Credit unions looking to grow member loans should invest in their technology infrastructure to meet the needs of current and future members, a CUNA Mutual Group researcher told an America’s Credit Union Conference Discovery breakout session audience Wednesday.
“How do you get new members in the door? By investing in technology, not loan officers and new lending processes,” says David Polet, voice of customer research manager.
Credit unions will grow loans by focusing on how consumers shop. With today’s technology, consumers no longer have to rely on the credit union for information.
“Members have the ability to compare rates and quotes for loans at the tips of their fingers,” Polet adds.
Credit unions need to adapt to the changing shopping landscape in order to grow loans. Fifteen years ago, the loan officer controlled the lending process because the consumer didn’t have access to as much information. Today, that’s not the case.
“Generation Y consumes and makes decisions completely differently than their parents,” Polet notes, urging credit unions to embrace technology to meet generation Y’s needs and to attract new members for loans.
“Baby boomers are retiring; their lending lives are coming to an end. That’s not the case for generation Y, whose lending lives are just beginning to grow,” Polet says.
Credit unions must focus on meeting the expectations of generation Y, especially since there are 84 million gen Y consumers versus only 80 million baby boomers, according to 2010 U.S. Census Bureau findings.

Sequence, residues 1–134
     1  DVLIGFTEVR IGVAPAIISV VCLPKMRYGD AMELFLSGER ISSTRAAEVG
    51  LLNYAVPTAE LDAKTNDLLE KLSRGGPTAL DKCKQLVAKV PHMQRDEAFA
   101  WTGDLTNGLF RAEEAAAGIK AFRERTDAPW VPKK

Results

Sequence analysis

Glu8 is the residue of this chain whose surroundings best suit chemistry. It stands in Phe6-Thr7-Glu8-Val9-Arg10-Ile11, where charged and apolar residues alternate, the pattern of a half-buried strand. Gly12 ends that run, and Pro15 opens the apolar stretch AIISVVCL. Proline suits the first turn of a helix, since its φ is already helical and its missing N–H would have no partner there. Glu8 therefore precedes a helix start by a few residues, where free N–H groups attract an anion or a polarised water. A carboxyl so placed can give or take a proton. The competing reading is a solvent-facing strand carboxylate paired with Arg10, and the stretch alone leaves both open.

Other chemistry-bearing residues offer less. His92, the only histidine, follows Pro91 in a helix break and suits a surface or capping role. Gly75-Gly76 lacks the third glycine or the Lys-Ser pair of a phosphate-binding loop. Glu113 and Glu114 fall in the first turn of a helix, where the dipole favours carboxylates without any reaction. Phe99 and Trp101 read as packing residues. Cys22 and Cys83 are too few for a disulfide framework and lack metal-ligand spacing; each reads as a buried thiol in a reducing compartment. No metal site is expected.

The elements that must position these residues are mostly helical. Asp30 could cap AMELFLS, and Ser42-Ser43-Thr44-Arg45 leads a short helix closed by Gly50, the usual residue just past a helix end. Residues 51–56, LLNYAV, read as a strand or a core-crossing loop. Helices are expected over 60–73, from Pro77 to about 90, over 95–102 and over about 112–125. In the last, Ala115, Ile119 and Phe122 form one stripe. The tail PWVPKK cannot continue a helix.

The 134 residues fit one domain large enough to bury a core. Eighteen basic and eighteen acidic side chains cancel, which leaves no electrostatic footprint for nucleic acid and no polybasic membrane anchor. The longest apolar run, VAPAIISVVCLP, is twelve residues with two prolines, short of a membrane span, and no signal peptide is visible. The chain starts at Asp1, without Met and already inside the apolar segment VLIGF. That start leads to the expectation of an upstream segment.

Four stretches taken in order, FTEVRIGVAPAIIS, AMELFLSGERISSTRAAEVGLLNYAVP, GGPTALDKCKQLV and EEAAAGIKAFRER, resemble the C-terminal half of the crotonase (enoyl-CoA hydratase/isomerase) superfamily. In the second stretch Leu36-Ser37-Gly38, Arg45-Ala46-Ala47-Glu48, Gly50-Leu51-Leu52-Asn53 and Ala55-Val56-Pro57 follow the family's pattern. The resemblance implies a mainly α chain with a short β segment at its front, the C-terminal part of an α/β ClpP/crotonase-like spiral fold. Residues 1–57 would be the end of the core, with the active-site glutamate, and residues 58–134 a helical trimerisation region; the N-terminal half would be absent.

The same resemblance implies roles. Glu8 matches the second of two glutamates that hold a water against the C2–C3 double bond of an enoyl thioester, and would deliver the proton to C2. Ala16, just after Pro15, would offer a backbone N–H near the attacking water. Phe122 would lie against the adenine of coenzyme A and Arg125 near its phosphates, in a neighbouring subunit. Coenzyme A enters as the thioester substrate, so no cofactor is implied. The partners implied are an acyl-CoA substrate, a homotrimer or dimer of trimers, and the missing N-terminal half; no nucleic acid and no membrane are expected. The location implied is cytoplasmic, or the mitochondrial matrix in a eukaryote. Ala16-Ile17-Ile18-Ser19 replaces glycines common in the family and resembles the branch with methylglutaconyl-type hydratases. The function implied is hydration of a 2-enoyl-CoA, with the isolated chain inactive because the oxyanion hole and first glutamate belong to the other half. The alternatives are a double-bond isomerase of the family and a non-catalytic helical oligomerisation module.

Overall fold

Banks have more technology that’s in tune with what gen Y consumers expect, he explains. “Picture check deposits, text banking, and mobile banking are all being embraced by banks,” he says, highlighting the need for credit unions to do the same.
In fact, many analysts predict mobile banking will overtake online banking in just a few years.
“You must know your members and potential members to effectively use new technology,” Polet says.
According to a December 2009 Mercatus mobile banking study, mobile financial service capabilities were more influential in a consumer’s decision to select a financial institution than availability of online banking, access to ATMs, or nearby branches.
The study also indicated that by 2014, more consumers will access their accounts through mobile devices than through the Internet.
“Mobile banking is clearly taking over the online channel,” Polet says. “Keep in mind, in order to grow member loans you must grow your membership, which means your technology must benefit future members.”
Polet cites several Filene Research Institute resources to help credit unions understand the needs of potential generation Y members:
He also recommends a CUNA Mutual white paper, “Lending Strategies and Trends” [pdf].